Students react to a six-part documentary series about Kalief Browder

By Batul Cutlerywala

DeKALB — The Center for Black Studies and the Latino Resource Center began Black History Month Tuesday with a documentary series about the Kalief Browder Story.

The documentary series is an ongoing event that explores concerns about mass incarceration, mental health and police brutality for those in minority communities. The event will alternate between the Center for Black Studies and the Latino Resource Center every Tuesday through February.

Browder’s life ended in 2015 after suffering from mental illnesses after being wrongly imprisoned under suspicion of stealing a backpack. He served three years in Rikers Island, New York’s largest prison complex, without ever being convicted of the crime.

The Center for Black Studies and Latino Resource Center collaborated with the Black Student Union, Gamma Phi Omega International Sorority Inc., The Ladies of Distinction, Student Association, Supporting Opportunities for Latinos (S.O.L.), B.R.O.T.H.E.R.S., Black Male Initiative and the Latino Student Alliance for this presentation.

Melanie Sandoval, Center for Black Studies graduate assistant, said the center wanted to tie the documentary into “Black Heritage Month” and intends to have additional events throughout the semester.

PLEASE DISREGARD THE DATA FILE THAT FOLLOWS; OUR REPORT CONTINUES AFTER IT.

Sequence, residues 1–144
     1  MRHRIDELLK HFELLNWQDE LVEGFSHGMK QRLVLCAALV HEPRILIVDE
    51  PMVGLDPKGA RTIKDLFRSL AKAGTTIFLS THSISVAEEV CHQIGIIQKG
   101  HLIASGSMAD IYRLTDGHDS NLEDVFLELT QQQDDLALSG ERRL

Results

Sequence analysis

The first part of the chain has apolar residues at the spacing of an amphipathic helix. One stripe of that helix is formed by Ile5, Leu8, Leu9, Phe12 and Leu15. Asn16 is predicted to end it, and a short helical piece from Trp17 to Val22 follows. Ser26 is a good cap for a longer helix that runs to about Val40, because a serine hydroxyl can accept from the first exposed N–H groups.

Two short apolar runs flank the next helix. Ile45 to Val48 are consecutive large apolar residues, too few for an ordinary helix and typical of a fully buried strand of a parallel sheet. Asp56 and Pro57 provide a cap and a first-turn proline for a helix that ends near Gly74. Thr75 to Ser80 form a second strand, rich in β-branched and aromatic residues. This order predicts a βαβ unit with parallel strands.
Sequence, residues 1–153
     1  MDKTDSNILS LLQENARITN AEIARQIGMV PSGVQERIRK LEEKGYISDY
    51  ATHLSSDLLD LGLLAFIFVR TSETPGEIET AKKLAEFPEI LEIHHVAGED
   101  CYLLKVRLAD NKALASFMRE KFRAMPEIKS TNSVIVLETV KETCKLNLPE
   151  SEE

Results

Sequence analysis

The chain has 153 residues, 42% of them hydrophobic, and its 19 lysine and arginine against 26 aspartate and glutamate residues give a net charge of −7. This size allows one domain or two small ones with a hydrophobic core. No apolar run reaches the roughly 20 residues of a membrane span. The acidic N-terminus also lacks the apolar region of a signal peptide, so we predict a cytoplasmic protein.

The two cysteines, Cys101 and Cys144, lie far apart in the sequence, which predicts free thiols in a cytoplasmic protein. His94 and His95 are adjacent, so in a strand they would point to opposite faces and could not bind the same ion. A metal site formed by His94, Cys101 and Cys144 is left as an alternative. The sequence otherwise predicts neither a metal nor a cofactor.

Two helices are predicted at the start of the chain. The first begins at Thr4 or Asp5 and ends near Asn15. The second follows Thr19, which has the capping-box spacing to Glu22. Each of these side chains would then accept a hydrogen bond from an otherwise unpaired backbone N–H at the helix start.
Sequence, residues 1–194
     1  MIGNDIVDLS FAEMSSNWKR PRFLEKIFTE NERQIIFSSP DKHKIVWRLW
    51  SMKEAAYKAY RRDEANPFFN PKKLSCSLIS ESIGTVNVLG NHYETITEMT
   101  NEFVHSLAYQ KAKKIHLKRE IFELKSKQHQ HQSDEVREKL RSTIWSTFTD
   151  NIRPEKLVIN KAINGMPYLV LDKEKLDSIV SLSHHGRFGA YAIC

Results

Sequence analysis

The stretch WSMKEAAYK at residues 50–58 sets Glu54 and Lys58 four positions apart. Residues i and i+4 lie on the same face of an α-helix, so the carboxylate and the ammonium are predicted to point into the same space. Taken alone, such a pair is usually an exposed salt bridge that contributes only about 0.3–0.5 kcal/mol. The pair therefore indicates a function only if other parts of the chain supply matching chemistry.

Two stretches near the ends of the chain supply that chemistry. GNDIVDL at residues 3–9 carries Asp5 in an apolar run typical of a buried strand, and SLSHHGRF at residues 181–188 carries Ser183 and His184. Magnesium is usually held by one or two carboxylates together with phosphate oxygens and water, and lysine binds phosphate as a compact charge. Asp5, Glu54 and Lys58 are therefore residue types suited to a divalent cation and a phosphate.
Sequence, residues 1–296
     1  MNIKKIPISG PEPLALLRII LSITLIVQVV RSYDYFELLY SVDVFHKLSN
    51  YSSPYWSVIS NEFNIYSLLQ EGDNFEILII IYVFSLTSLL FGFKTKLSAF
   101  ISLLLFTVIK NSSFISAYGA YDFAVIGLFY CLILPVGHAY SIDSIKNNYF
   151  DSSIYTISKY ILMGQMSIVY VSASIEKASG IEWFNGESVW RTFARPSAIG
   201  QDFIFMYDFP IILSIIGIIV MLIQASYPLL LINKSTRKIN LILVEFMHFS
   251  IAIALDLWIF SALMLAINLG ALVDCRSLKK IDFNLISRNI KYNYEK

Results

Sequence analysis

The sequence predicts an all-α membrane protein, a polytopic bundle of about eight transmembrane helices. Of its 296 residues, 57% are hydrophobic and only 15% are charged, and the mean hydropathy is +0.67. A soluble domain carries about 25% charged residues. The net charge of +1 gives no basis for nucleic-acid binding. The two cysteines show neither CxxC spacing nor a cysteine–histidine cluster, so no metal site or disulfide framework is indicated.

“The Kalief Browder story shows us the importance of pursuing the truth,” Sandoval said. “It is important to keep students engaged and aware that these situations are going on even today, and after pursuing the truth, to be able to make a difference.”

Sandoval said she thinks the way Browder was brought into that situation was because he was profiled by his background and because of the way he looked.

Jose Gonzalez, S.O.L president, said he learned the higher ups in New York “were turning poverty and low-income problems into imprisonment problems” that morph into a revenue system.

The documentary shows footage of correctional officers using solitary confinement to discipline the prisoners during their sentence. The attendees had a lot to say about the wrongdoings of the judicial system.

“The fact that solitary confinement still exists is clearly a sign that mental health professionals aren’t in the correctional institutions,” Gonzalez said. “They still decide to put people in there for punishment instead of not thinking about fixing the problem in a way that’s better for them, everyone surrounding them and for society, too.”

Graduate student Christine Diaz Luna said she realized there was an absence of responsibility from those who operate Rikers Island and disregarded prisoners’ lives.

“A lot of institutions now have a very negative approach to try to restructure people’s minds for society, and they don’t, to be honest. They kind of push them further down the edge,” Gonzalez said.